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Same-Sex Couples in America

How many married couples are there?
  • May 14 2012

President Obama’s support for same-sex marriage has brought the debate about gay marriage front and center. How many married same-sex couples are there in the U.S. today? The Census Bureau has some figures.

Based on the latest household numbers released this past April, there were 646,464 same-sex couples in the U.S. in 2010. Of those, 131,729 were identified as “married.” The Census data makes it a point to note that it did not verify whether same-sex couples were legally married, but relied on respondents’ voluntary reporting of their gender and their relationship to the people with whom they live.

The number of same-sex couples in the U.S. grew more than 80 percent since 2000, when there were 358,390 households in that category. Since that time, six states—Connecticut, Iowa, Massachusetts, New Hampshire, New York and Vermont—plus the District of Columbia began granting marriage licenses to same-sex couples.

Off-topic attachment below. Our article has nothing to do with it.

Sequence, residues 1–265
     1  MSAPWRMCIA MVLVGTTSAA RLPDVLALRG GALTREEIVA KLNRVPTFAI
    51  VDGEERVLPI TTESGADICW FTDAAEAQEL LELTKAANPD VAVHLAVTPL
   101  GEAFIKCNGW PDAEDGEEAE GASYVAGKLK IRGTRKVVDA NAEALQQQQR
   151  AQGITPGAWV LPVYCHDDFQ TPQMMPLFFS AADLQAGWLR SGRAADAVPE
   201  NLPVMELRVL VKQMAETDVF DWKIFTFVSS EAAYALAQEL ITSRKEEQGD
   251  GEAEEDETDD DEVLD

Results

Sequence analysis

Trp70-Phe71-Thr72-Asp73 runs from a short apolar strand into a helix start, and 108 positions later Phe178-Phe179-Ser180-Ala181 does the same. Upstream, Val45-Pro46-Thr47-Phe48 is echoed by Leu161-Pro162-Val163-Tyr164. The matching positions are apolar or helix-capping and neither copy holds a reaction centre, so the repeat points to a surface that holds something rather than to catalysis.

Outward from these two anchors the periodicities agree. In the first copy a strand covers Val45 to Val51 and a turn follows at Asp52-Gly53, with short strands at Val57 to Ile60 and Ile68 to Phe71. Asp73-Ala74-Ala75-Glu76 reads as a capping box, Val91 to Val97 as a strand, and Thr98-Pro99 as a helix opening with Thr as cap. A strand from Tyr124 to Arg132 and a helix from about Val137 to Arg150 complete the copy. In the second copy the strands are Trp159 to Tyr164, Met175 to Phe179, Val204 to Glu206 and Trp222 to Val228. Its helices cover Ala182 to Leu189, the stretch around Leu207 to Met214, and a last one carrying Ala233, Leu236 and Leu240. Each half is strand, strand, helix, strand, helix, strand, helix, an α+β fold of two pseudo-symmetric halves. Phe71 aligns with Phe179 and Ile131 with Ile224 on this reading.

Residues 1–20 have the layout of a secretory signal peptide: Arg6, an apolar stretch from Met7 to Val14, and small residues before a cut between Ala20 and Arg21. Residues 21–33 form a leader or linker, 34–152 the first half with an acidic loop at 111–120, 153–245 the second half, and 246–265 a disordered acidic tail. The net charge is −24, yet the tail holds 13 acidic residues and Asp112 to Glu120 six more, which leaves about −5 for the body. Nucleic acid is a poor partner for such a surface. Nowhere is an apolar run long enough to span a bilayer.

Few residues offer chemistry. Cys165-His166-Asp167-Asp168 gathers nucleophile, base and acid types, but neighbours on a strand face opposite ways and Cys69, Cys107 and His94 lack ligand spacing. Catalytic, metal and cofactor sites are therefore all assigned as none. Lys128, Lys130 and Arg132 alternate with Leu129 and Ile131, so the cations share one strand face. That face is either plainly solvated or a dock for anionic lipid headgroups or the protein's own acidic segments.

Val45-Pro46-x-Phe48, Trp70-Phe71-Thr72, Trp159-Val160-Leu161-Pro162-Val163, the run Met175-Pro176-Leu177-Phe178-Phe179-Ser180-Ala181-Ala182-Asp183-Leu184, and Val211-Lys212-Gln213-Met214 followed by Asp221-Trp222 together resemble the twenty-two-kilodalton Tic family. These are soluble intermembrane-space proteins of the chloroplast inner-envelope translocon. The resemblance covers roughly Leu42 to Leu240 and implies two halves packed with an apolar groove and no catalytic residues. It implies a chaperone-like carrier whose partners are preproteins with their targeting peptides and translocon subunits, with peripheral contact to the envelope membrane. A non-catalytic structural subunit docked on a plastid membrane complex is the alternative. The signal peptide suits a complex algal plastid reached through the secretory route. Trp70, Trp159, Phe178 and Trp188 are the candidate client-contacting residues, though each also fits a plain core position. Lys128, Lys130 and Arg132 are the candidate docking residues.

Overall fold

Interestingly, the state with the highest number of same-sex married couples was California, which had 28,312, but doesn’t currently recognize same-sex marriage. Before California voters passed Proposition 8 banning gay marriage in November 2008, same-sex couples were allowed to wed in the state on a number of occasions, including in the summer of 2008, when about 18,000 same-sex couples were legally married,

The latest household numbers from the census also show that regionally, same-sex unmarried partner households were most common in the West and least common in the Midwest. Of all areas, Washington, D.C. had the highest percentage of same-sex unmarried households—they accounted for 1.8 percent of all households.

Among states, the highest proportions of same-sex households were found in Delaware, Massachusetts and Vermont on the east coast and California and Oregon on the West Coast. The lowest percentages were in North Dakota and South Dakota.

'The Census data also showed that same-sex couples are more likely than their different-sex counterparts to be interracial or interethnic and couples that include a racial or ethnic minority are more likely to be raising children. Fully a third of same-sex couples that include a Hispanic partner are raising children, according to analysis of the data by UCLA Law School’s Williams Institute.


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